House of LightCastlecoote in Roscommon
Sometimes in the late evening, Kevin Finnerty strolls around the grounds of Castlecoote House, with the River Suck for company on three sides, and he is thinking about the next stages of the restoration. He bought this place in 1996 when it was a total ruin, stripped of everything worth taking, including all its old fireplaces.
Sometimes, more often than not, the walk will take him into the old orchard at the rear of the house (some say the rear looks even better than the front). Here there are no less than 41 varieties of apple. There are three very rare ones, including one called White Crofton, George Bernard Shaw’s favourite apple!
|A new window, with foliage outside|
|Kevin made one magnificent window from two here,|
one of just two alterations. The other is the round window above.
The Festival, established by Kevin, has taken place annually in Castlecoote since 2009. Kevin’s father was involved in the Percy French festivals of 1957 and 1958. The festival is about the music of French but over the years has played on his name to focus on a particular subject and examine aspects of Irish life in detail.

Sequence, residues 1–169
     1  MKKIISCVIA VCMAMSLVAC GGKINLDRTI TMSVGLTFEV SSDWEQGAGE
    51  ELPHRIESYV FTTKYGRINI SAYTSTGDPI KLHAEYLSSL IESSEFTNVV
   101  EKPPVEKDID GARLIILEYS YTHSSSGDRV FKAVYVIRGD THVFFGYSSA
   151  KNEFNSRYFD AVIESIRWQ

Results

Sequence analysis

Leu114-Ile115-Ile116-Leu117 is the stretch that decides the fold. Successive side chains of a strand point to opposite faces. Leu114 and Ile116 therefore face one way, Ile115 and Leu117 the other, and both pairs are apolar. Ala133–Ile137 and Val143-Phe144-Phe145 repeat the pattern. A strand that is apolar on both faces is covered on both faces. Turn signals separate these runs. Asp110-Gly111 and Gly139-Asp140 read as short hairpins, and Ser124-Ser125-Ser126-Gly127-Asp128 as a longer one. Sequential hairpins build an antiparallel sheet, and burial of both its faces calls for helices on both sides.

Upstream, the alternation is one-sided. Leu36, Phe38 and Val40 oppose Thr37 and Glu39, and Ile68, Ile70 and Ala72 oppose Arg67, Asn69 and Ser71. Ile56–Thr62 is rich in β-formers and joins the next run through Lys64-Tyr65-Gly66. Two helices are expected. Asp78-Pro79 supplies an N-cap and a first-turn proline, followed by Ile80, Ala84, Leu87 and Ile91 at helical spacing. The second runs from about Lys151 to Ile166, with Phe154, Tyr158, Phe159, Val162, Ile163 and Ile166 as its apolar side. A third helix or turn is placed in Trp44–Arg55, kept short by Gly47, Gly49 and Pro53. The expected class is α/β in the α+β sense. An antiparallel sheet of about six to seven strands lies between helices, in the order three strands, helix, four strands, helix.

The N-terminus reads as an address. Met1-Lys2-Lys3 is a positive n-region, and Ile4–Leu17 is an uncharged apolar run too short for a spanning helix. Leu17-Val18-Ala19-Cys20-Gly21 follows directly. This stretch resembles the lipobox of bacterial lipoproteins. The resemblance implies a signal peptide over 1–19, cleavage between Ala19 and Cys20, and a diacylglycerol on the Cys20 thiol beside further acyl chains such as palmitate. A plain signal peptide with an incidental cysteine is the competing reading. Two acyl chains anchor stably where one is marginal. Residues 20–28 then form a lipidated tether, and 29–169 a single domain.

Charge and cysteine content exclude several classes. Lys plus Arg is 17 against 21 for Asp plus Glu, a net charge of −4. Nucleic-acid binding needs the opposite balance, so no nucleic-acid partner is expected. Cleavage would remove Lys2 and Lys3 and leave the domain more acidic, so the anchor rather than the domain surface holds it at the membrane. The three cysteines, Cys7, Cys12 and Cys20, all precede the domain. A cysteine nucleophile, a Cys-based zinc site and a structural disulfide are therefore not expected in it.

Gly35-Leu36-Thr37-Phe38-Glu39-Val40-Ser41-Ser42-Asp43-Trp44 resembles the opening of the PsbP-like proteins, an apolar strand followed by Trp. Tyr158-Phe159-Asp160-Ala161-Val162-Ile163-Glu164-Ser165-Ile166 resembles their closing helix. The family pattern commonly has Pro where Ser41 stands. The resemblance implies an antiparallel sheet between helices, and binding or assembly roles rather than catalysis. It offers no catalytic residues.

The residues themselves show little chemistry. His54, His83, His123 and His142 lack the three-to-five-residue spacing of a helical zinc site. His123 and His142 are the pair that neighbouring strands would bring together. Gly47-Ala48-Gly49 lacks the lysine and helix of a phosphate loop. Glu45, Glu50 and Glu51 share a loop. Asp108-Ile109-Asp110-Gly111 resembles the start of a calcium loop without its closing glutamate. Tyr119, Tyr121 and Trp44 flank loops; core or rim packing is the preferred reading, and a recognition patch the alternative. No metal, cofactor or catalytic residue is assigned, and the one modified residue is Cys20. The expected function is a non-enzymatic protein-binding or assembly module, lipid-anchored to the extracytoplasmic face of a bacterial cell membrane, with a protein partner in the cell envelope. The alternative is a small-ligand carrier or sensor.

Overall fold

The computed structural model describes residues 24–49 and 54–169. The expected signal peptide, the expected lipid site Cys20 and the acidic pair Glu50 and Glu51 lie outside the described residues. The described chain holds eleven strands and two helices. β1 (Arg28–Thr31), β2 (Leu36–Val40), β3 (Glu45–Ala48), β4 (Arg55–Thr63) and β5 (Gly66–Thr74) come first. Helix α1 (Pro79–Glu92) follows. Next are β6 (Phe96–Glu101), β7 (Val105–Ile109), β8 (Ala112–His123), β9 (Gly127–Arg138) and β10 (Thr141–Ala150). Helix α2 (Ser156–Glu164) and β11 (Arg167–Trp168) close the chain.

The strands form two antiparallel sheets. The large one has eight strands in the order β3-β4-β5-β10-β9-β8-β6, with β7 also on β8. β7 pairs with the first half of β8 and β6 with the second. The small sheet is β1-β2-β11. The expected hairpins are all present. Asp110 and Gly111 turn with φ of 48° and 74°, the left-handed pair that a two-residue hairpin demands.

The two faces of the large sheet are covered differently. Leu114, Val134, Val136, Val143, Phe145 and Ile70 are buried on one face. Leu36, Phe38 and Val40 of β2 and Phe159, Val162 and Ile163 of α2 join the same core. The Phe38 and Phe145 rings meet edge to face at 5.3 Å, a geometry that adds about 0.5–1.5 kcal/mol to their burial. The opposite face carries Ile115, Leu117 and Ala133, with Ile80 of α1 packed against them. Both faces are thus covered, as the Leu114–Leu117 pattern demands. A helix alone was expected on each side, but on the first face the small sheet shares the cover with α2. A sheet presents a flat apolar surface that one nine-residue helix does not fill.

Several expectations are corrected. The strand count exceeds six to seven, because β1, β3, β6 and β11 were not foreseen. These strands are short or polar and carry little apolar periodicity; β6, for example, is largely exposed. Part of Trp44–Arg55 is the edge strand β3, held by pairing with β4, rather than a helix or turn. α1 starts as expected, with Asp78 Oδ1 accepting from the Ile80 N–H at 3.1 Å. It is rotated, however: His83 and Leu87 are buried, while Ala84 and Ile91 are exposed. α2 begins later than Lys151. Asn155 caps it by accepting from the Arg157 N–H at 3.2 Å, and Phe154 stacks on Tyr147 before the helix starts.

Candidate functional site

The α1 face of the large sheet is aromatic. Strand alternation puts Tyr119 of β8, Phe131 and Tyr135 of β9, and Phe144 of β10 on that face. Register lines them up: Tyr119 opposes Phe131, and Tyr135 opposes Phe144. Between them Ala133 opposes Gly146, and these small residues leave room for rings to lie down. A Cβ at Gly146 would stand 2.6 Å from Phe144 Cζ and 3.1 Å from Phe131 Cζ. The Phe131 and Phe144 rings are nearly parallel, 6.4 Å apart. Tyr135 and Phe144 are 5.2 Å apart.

The title for next July’s festival is Through a French Mirror. “Mirror, mirror on the wall. Now I see warts and all”. Over three days (8th-10th), life will be examined by a list of speakers that includes: Robert Ballagh, Lucinda Creighton, Professor William Reville, Kevin McStay, Dr Olga Cox Cameron, Dr Síle de Cléir, Bishop Kevin Doran, and Adelle Hughes. Musicians performing are Jon Henderson, The Mulligan Sisters and Johnny Duhan. Information and tickets here.
Kevin showed me the family coat of arms in one of the windows. It is also the coat of arms of the Mageraghty clan who, in the 1500s, had a fort on this site. Amazingly, they are the same family. And a link here to Cork. In 1603, Donal O'Sullivan the lord of Beare and Bantry was coming towards the end of his famous long march and was met near here by the Mageraghtys.
|In the orchard at the rear of Castlecoote|
Clonmacnoise. An Important Site for Centuries
The Maltese Supper in Gleeson's Roscommon